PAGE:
The reduction of muscle strength due to the advancing age brings functional limitations for the elderly, thus hindering their daily activities and the making dependent on those around them. Training programs with Weights are well accepted as a way to recover some of the lost strength with disuse and over time (Silva FARINATTI, 2007).
The maximum muscle strength is usually achieved between the second and third decade of life and shows a slight decline to 50, from there, the reductions become more pronounced with 12-15% per decade. These phenomena may be the result of reduced physical activity, denervation, hormonal changes, inadequate nutrition, and various diseases with increasing age (SILVA, FARINATTI, 2007).
In addition, lack of muscle strength in the elderly appears to be the main factor responsible for falls in the elderly (DIAS et al., 2006). According to the positions of the ACSM (2009) and several studies the systematic practice of weight training (WT) in the elderly, can promote increased strength, muscle mass, power and flexibility.
In several studies cited by Dias et al (2006) weight training has shown positive results as a significant reduction of body fat in men and women 60 years after 25 weeks (HUNTER et al., 2001), and at 12 weeks with elderly people 56-80 years (CAMPBELL et al.,1994).
Proctor et al. (2000) found similar reductions in men and women, both in bone mineral component, as of total lean body mass, even in elderly practitioners of physical exercise aerobic predominance or with weights. However, when comparing the effect of WT carried out for 24 weeks at high intensity (70 to 90% 1-RM) vs. low-intensity (40 to 60% of 1-RM), it was observed that both types of training were sufficient to increase bone density of the femoral trochanter (reducing fracture risk in the femur) in men aged between 50 and 60 years. However, only the training performed at high intensity was sufficient to increase the bone density of the spine area (Dias et al., 2006).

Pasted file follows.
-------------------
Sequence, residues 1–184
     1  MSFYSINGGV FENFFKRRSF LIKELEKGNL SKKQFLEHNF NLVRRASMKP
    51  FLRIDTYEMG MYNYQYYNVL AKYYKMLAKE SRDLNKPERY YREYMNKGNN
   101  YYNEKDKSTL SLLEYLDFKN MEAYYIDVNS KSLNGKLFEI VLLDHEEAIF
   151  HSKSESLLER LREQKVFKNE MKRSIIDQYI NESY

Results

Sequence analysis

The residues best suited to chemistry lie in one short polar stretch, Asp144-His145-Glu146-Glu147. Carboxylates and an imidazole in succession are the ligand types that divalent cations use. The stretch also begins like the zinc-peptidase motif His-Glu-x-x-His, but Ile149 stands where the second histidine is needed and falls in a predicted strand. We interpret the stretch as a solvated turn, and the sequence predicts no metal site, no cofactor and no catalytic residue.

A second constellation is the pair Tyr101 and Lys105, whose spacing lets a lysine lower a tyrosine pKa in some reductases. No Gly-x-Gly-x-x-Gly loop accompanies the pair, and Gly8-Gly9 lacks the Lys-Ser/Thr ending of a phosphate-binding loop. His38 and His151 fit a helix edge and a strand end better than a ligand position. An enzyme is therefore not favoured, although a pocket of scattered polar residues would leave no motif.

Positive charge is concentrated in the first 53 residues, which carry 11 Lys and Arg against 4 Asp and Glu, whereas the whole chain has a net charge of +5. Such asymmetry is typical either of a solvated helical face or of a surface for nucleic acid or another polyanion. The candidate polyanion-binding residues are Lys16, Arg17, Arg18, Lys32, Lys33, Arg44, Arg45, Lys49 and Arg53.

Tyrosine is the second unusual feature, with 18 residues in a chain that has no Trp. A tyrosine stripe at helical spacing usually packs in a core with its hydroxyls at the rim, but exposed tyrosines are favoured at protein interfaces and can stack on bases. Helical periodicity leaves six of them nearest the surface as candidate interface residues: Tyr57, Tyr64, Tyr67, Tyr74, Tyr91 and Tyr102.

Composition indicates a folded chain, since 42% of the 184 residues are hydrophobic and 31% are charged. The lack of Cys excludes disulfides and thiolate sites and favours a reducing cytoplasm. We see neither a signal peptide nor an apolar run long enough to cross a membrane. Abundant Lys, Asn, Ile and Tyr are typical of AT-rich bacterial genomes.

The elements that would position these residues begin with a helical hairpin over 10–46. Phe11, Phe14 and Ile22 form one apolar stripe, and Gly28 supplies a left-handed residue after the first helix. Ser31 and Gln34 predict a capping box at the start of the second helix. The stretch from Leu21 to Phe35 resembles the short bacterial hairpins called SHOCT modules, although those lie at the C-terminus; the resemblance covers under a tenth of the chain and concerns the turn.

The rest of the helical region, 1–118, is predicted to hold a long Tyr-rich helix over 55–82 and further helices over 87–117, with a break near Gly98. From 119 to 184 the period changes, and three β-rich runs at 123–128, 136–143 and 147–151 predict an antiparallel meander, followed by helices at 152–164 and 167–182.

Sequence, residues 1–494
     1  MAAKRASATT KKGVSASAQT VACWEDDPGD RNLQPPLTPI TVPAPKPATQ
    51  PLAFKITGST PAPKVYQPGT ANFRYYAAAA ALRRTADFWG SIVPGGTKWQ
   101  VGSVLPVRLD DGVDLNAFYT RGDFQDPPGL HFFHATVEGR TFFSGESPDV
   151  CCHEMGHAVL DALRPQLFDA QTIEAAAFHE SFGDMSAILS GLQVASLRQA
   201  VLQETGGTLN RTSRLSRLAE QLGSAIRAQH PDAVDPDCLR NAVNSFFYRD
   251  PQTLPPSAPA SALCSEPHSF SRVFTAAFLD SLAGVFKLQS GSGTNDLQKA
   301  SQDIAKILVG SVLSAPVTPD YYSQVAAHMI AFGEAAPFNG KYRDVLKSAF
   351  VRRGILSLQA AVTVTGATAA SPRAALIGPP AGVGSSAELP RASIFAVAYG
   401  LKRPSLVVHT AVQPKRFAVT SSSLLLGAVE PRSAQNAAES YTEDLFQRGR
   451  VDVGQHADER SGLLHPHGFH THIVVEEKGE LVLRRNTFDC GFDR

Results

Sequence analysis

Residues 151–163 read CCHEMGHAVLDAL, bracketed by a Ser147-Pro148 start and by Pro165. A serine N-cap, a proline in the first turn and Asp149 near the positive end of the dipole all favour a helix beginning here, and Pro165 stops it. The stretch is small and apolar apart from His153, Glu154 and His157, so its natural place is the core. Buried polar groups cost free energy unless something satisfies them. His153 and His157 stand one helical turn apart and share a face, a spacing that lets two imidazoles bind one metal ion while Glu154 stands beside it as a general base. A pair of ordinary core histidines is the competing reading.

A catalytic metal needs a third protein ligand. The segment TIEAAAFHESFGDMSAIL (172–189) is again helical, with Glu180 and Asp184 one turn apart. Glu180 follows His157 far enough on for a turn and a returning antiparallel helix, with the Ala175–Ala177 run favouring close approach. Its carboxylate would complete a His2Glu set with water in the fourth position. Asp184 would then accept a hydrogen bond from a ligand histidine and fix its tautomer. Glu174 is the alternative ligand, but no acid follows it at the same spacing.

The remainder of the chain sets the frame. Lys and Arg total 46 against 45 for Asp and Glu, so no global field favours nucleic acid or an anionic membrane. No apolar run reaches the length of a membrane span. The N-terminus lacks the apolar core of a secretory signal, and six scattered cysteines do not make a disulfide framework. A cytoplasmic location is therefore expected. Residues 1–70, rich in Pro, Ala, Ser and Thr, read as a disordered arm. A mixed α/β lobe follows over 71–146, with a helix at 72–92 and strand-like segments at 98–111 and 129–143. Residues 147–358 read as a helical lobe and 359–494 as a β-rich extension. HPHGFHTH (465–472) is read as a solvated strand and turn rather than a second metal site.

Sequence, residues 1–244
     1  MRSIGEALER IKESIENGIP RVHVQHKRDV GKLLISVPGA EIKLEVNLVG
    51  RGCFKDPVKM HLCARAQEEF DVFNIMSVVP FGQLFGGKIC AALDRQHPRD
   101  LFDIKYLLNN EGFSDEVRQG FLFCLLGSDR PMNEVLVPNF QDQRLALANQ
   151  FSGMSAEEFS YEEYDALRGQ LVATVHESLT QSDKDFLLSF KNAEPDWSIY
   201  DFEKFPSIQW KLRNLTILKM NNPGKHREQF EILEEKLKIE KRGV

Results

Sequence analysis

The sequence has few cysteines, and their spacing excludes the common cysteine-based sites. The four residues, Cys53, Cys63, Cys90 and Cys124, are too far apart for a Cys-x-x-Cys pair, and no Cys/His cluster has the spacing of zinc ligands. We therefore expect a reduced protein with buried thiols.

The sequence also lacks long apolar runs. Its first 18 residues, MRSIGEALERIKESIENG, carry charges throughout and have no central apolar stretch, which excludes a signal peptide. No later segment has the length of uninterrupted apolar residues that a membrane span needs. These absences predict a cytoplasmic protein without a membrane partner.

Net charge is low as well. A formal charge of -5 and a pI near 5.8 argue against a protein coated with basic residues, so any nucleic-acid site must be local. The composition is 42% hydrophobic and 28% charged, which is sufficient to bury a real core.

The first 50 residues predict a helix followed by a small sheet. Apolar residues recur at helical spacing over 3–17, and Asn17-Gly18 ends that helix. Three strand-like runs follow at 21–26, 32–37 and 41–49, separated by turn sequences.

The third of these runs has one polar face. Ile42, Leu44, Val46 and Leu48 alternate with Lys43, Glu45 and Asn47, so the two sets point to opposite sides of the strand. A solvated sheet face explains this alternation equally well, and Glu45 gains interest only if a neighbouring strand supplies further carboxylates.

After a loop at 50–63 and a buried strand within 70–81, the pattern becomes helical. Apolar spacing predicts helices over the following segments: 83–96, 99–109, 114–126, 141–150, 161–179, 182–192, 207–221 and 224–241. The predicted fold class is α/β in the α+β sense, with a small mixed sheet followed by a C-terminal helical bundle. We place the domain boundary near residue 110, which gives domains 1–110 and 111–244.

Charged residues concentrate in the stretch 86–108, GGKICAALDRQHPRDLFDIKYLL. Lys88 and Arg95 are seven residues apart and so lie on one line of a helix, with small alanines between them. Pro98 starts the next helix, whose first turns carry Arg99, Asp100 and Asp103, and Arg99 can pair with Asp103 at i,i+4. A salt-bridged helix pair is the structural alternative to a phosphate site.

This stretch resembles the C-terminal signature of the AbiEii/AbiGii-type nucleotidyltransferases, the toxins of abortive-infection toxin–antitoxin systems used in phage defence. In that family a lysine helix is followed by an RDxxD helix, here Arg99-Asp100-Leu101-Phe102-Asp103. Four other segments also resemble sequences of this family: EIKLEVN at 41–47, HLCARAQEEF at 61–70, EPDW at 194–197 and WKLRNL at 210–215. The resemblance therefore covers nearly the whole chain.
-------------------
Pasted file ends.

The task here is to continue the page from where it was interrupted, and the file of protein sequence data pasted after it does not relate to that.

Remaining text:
The high intensity WT is a potent stimulus for the concentration of testosterone as acute response. Thus, enabling the lean mass gains even with advanced age. (CADORE et al., 2008)
Diabetics can benefit from weight training, six months of training has been shown to be sufficient to increase the action of insulin in older individuals (64-74 years) insulin resistant as a result of physical inactivity and obesity (FLECK & KRAEMER , 2006).
Some mechanisms may be responsible for increased testosterone induced by exercise, between those sympathetic activity increased in response to exercise and blood flow and vasodilation related to the release of nitric oxide by increasing the release of the hormone (SCHWALA & KLEINB, 2008; LENTI et al, 2011;. CADORE et al 2011)..
The energy savings that can be defined as the lowest muscle activation required to perform the same movement with the same load was observed in elderly subjects after a strength training period (CADORE et al. 2011).
Exercises that generate regular mechanical stress can be positive for the creation of small bone mass gains in these areas thus increasing bone formation by osteoblasts next (SCHWALA & KLEINB, 2008;. LENTI et al, 2011). Thus, it is suggested the practice of resistance training for seniors, subject to compliance its limitations and risks, for a better development of the benefits and safely.
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